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Math Help - Help me please with my revision questions.

  1. #1
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    Help me please with my revision questions.

    Hey all,

    Currently revising for my year 12 maths exam need help with the following 2 problems regarding differentiation. Thanks a bunch.

    1) An open cylindrical plastic container is to be designed so that it has a capacity of 2000 cm^3. Find the dimensions of the container if the manufacturer wants the surface area to be minimised.

    2) A ball is thrown vertically upward with an initial velocity of 19.6m/s. The displacement (in m) of the ball above the ground is s=-4.9t^2+19.6t, where t is the number of seconds elapsed from the moment that the ball is thrown.

    i) Find the initial velocity of the ball as a f(t).
    ii) Find when the velocity is zero
    iii) Find the greatest height reached by the ball.
    iv) What is the acceleration of the ball at any time?


    Thanks a million!
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  2. #2
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    For question number 1, you're gonna need to make a function for the surface area of a cylinder, differentiate it and set it equal to 0, as to find a minimum turning point.
    I gave it a try, although I'm not sure if you're supposed to be differentiating pi, so I don't know how to get any further.
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  3. #3
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    Quote Originally Posted by Ashgasm View Post
    Hey all,

    Currently revising for my year 12 maths exam need help with the following 2 problems regarding differentiation. Thanks a bunch.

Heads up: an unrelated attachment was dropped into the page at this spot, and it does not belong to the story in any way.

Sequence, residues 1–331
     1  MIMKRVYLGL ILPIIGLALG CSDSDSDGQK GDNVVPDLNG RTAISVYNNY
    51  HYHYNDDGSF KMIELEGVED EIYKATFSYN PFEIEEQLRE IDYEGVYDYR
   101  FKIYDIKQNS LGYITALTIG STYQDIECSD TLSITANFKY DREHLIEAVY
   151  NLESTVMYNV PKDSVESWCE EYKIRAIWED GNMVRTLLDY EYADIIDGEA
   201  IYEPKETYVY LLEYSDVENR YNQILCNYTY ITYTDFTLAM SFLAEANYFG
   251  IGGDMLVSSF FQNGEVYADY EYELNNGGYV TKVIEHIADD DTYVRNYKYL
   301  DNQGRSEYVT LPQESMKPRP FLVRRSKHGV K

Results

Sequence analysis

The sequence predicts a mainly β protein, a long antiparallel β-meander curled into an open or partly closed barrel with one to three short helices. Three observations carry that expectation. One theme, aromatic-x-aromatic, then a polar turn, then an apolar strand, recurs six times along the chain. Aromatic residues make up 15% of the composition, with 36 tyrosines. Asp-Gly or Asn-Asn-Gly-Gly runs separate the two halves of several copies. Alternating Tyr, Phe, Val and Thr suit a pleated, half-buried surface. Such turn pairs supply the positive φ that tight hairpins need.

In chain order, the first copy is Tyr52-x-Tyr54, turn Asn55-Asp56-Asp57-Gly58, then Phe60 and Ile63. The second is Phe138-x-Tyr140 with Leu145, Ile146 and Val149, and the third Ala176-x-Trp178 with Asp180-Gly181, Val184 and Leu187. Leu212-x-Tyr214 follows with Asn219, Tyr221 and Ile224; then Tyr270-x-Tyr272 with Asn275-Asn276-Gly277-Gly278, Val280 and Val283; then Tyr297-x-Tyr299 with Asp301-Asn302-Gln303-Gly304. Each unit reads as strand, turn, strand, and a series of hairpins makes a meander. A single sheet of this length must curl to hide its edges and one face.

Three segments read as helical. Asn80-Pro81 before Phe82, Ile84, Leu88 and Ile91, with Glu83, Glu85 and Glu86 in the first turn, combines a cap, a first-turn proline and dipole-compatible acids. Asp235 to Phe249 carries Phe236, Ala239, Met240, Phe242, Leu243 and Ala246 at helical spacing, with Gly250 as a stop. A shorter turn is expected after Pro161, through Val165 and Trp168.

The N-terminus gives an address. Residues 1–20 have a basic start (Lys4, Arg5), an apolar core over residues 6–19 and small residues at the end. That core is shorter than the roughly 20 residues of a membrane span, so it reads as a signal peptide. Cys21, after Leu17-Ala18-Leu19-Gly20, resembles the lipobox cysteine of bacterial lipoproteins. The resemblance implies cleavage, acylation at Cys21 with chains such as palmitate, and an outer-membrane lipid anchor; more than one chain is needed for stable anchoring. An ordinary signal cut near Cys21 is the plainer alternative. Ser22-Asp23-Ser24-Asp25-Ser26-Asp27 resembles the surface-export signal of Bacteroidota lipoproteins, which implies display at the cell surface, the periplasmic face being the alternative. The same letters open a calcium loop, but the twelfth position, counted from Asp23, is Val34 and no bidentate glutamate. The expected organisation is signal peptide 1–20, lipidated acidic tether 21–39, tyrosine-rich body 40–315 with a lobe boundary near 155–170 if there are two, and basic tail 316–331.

1) An open cylindrical plastic container is to be designed so that it has a capacity of 2000 cm^3. Find the dimensions of the container if the manufacturer wants the surface area to be minimised.

    2) A ball is thrown vertically upward with an initial velocity of 19.6m/s. The displacement (in m) of the ball above the ground is s=-4.9t^2+19.6t, where t is the number of seconds elapsed from the moment that the ball is thrown.

    i) Find the initial velocity of the ball as a f(t). Mr F says: Sub t = 0 into ds/dt.
    ii) Find when the velocity is zero Mr F says: Solve ds/dt = 0.
    iii) Find the greatest height reached by the ball. Mr F says: Sub value of t from ii into s.
    iv) What is the acceleration of the ball at any time? Mr F says: Find the double derivative of s with respect to t.


    Thanks a million!
    1) \pi r^2 h = 2000 \Rightarrow h = \frac{2000}{\pi r^2} .... (1)

    S = 2 \pi r h + \pi r^2.

    Substitute (1) into (2) to get S as a function of r. Solve \frac{dS}{dr} = 0. Test nature of solutions. Get value of r corresponding to minimum of S. Sub this value of r into (1) to get h.
    Last edited by mr fantastic; March 20th 2008 at 10:45 PM. Reason: Replaced the word maximum with the word minimum
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  4. #4
    Junior Member teuthid's Avatar
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    Cylinder

    Let's start with the formulas pertinent to a cylinder:
    V=\pi r^2 h
    S=2\pi r^2+2\pi rh
    where r is the radius, and h is the height.

    In order to minimize S, we need to write it as a function of a single variable. So we need to write h in terms of r. Fortunately, having a specific volume allows us to do just that:

    \pi r^2 h=2000 \\

    \Rightarrow h=\frac{2000}{\pi r^2}

    now we can substitute this new expression for h back into our original formula for surface area: